Thinking about the first tests to determine the heat of chili peppers, it’s far too easy to think of Wilbur Scoville as a little bit out of his mind. After all, humans are terrible at gauging… well, anything. Given a crime scene, every witness will see something different. And, it’s damned difficult to agree on specific color – so much so that there are color reference guides printed to assist designers and the like.
Humans just aren’t reliable. (Even you.)
So, the idea of a test to determine heat based on human perceptions is wacky.
But, Wilbur Scoville wasn’t a weirdo.
The development of the Scoville Scale and the tests that assign a heat level to chili peppers and hot sauces fit almost perfectly with the time when Scoville lived.
In the Scoville Days
Wilbur Scoville was born in 1865 – at the end of the Civil War. And, at some point, he took a job at Parke-Davis, which you may know as a pharmaceutical company. (There are a few other facts available regarding Scoville’s life, but not enough to paint a compelling picture.)
He’s said to have developed the Scoville test in 1912.
That’s what’s important. Not the test itself, actually, but the year. It was a busy time in world history. In 1912, the Dixie Cup was invented (who knew?), as was the zip, the electric blanket, Formica and the traffic light. In the same year, Paramount Pictures was founded, and the International Opium Convention is signed at The Hague. It’s only 2 years until cocaine is made illegal in the United States (even if most of it had been taken out of Coca-Cola by this point), but in 1912, vitamins are introduced as a concept (but hardly an industry at that point). The wireless radio was well over a decade old, though not necessarily widely used.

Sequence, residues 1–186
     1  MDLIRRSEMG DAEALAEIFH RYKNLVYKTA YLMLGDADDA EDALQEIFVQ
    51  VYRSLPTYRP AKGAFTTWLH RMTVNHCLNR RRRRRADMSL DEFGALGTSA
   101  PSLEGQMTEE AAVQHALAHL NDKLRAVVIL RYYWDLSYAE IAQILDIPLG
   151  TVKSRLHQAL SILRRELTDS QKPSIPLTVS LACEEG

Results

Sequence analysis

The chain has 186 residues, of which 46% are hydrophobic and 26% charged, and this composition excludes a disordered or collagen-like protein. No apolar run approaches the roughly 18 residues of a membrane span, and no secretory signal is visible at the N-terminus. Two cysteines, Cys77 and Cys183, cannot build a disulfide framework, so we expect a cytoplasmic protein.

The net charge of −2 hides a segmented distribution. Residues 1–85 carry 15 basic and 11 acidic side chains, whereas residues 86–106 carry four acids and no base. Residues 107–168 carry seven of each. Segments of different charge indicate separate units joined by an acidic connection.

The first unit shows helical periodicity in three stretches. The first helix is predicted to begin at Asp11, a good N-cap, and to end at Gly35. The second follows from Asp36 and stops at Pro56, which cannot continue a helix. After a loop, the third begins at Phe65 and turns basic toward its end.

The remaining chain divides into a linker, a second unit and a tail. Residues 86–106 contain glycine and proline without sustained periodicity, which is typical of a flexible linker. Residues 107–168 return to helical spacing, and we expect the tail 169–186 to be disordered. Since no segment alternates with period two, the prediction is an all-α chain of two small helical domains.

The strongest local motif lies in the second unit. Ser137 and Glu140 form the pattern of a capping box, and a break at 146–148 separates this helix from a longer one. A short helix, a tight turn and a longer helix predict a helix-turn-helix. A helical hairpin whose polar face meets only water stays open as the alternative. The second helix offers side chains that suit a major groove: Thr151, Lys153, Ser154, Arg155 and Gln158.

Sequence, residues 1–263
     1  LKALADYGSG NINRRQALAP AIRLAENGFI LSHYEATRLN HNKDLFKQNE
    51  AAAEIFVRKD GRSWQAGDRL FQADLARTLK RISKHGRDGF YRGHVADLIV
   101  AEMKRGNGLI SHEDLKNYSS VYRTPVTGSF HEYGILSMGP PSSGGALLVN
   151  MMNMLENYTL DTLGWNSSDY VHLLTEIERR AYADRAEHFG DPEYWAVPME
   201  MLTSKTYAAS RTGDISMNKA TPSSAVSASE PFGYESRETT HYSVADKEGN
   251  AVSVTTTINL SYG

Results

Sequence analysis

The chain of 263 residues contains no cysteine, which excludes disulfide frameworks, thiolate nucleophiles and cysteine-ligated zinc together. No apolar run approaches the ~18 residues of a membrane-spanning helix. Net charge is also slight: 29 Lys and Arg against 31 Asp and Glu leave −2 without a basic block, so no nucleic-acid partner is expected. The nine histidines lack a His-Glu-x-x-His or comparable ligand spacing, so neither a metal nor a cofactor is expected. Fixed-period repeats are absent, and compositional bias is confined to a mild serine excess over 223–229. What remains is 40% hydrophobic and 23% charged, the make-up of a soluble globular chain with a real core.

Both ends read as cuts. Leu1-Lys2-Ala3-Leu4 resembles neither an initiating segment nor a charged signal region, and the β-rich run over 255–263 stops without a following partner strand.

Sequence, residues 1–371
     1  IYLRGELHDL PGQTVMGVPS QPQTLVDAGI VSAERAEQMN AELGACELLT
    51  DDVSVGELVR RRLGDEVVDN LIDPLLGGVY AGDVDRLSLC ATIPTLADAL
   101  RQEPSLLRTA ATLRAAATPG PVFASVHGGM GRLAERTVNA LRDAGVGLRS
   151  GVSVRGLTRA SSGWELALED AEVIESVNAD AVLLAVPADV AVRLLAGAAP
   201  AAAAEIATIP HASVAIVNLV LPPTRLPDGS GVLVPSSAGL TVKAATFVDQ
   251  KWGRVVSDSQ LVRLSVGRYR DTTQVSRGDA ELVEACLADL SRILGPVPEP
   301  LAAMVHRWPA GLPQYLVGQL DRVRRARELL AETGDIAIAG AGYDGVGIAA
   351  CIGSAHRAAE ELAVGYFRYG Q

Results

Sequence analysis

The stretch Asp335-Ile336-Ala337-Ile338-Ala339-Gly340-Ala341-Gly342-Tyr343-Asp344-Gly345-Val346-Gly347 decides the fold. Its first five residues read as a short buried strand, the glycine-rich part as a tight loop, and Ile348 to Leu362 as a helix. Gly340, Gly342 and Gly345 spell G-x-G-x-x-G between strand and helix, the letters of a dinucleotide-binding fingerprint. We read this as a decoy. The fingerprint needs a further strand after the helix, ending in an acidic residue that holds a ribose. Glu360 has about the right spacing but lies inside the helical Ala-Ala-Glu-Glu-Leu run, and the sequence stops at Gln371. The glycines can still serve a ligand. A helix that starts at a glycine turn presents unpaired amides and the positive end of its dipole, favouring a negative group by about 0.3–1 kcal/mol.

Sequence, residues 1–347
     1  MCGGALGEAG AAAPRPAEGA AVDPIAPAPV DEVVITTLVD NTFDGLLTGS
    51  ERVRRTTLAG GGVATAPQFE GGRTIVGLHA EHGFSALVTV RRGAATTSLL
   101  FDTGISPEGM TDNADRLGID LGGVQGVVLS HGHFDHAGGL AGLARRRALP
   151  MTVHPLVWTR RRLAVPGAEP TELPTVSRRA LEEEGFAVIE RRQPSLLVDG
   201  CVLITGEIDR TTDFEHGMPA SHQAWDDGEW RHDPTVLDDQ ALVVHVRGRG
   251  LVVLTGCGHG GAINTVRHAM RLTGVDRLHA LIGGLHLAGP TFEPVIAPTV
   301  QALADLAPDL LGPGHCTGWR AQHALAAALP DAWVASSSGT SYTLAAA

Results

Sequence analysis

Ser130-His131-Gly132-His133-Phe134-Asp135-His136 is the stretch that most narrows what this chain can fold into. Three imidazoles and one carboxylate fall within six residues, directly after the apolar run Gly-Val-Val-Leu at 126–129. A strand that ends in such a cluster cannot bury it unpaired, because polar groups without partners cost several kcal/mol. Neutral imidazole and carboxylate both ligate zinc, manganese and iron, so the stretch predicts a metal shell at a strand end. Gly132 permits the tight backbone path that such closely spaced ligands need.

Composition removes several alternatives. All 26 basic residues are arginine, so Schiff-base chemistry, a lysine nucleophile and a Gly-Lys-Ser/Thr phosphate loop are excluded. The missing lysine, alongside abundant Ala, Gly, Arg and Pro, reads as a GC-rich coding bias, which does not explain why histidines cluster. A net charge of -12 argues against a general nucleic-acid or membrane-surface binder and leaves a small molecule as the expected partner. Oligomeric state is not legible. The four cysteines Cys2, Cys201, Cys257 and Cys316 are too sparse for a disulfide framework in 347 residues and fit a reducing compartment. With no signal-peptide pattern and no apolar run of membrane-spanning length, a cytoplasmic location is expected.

And, in case history has escaped you completely, that’s also the year the Titanic sank to the bottom of the ocean.
Truly, it was a crazy time to live – not unlike today.
When Wilbur Scoville took a job at Parke-Davis, he was one of the thousands of scientists, pharmacists, and dreamers in the scene. You wouldn’t have been able to pick him out of a crowd. And the idea of a heat scale would have seemed mundane next to the development of the Dixie Cup.
Wilbur Scoville Wouldn’t Have Rocked the Dinner Party Scene.
Indeed, the Scoville Scale wasn’t anything exciting, even if the humans testing the hotness of chili peppers set a few mouths alight.
He wasn’t the sort of scientist that would be invited round to dinner parties to fill the celebrity seat at the table, either. His work wouldn’t have prompted the riveting conversation.
“So what do you do?”
“I work for Parke-Davis. At the moment, I am developing a test to determine the heat of various chili peppers.”
And chili peppers weren’t even a primary concern for Scoville; we can’t really credit him as the Grandfather of Chili Heads or anything like that. At the time, he was better known for publishing a book titled The Art of Compounding 1895. If you studied pharmacology at any point before the Vietnam War, this would have been the one book you needed to have on your shelf. Chili peppers, what?
For the time and place that he lived, Wilbur Scoville wasn’t a weirdo. He was a scientist and pharmacist with a burning question or two (sorry about that pun). If he went around calling for chili eating volunteers today, that’s another story. Of course, we know a lot of you would respond to that Craigslist ad, wouldn’t you?